As I have probably mentioned more than once I served my apprenticeship as a historian of science working in a research project on the history of formal or symbolic logic. My special area within the project was British logical algebra in the 19^{th} century and it was here that I took a long deep look at Augustus De Morgan who was born in Maduria in the Madras Presidency, an administrative sub-division of British India on the 27^{th} June 1806. De Morgan was a brilliantly eclectic polymath with a Pythonesque sense of humour who both from his personality and from his appearance seemed to spring out of Charles Dickens’ Pickwick Papers, a mathematical second cousin to Sam Weller. De Morgan is my favourite Victorian.

Son of an army officer in the service of the East India Company he moved to England whilst only seven months old. At the age of sixteen he went up to Trinity College Cambridge where he quickly became part of the circle around George Peacock and William Whewell who would stimulate his life long interest in mathematics and logic. In 1826 he graduated 4^{th} Wrangler in the mathematical tripos but already a convinced Unitarian he refused to sign the religious declaration required in Oxbridge in those days to graduate MA and so was not eligible for the fellowship for which he would normally have been destined. He went instead to London to study for the bar. However he found law boring and at the age of 21 and with no publication to his name he applied for the chair of mathematics at the newly founded University College London. This new university had been founded by a group of social reformers who felt that a university education should be open to all what ever their religious belief might be, Oxbridge only being open to confirmed Anglicans. Despite his youth and lack of experience De Morgan was appointed University College’s first professor of mathematics in 1828. He resigned the post only three years later on a mater of principle but was reappointed in 1836 and remained professor until 1866 when he again resigned on another mater of principle.

That De Morgan should be identified with an institution of social reform was not a mater of chance and social reform defined much of his life. He became professor of mathematics at the newly founded Queen’s College an institute of higher education for women founded by Frederick Denison Maurice. Most notably he was a highly active member of the Society for the Diffusion of Useful Knowledge an organisation dedicated to making scientific and other knowledge available in cheap, clear and concise printed versions written by the best authors. De Morgan was the most prolific of all the SDUK authors and wrote and published books and articles on a bewildering range of topics. Another of his social reformers contacts was the Unitarian William Frend whose daughter Sophia would become De Morgan’s wife.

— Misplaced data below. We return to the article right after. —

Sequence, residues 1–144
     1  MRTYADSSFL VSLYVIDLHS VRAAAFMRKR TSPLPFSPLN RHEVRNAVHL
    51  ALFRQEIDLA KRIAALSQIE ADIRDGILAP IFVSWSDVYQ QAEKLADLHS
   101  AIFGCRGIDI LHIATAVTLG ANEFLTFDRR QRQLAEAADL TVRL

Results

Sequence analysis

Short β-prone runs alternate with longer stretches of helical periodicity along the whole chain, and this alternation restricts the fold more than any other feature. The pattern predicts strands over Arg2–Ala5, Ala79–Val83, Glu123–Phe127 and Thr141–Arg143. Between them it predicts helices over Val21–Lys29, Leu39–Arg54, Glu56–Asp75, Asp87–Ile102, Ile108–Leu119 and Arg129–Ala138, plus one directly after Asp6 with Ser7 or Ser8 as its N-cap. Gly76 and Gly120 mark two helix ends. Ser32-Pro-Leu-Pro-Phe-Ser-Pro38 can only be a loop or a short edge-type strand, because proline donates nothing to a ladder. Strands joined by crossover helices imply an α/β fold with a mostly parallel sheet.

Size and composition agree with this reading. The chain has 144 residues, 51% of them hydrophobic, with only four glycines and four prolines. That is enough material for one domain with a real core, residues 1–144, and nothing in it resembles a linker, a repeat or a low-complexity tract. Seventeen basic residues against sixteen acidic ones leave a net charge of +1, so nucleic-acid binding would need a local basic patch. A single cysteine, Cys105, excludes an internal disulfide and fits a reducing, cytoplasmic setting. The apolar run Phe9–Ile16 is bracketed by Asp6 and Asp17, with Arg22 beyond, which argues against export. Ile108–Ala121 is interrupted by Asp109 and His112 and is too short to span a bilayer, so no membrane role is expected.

De Morgan devoted part of his academic efforts to the reform and modernisation of formal logic, a subject that had been in a sort of coma in England for about three hundred years before being awakened from its slumbers by Richard Whately at the beginning of the 19^{th} century. De Morgan who worked in the traditional syllogistic Aristotelian logic introduced the concept of quantification of the predicate enabling logically conclusion not possible in the traditional logic. This invention led to a bitter dispute with the Scottish philosopher Sir William Hamilton (not to be confused with the Irish mathematician Sir William Hamilton, a good friend of De Morgan’s) who claimed priority for this logical discovery. This dispute attracted the attention of another mathematician, George Boole, who stimulated by the discussion developed his algebraic logic. Boole and De Morgan were not only both disciples of the algebraic innovation of George Peacock and logical pioneers but shared a Unitarian religious outlook and became lifelong friends. De Morgan was especially proud of the fact that his *Formal Logic *and Boole’s *Mathematical Analysis of Logic* were published on the same day in 1847. Introducing, in his opinion, a new age in logic. In reality De Morgan was incorrect as the two books were published about a week apart. Although De Morgan’s logical work was by no means as innovative as Boole’s he was the first modern logician to work on the logic of relation an area that was later developed by Charles Sanders Peirce in America and Ernst Schröder in Germany both of whom were great admirers of De Morgan.

De Morgan made significant contributions to many areas of mathematics but his principle achievements were in trigonometry and in abstract algebras. His most lasting contribution was the formalisation of the principle of mathematical induction, an important tool in mathematical proof theory, to which he also contributed the name. Strangely he is best remembered today for De Morgan’s Laws. This is peculiar because the laws were not discovered by De Morgan but had been known both to Aristotle and the mediaeval logicians; De Morgan merely made them better known. The laws are fairly trivial “not (A or B) is equal to not A and not B” and “not (A and B) is equal to not A or not B” but very useful in deductive logical proofs.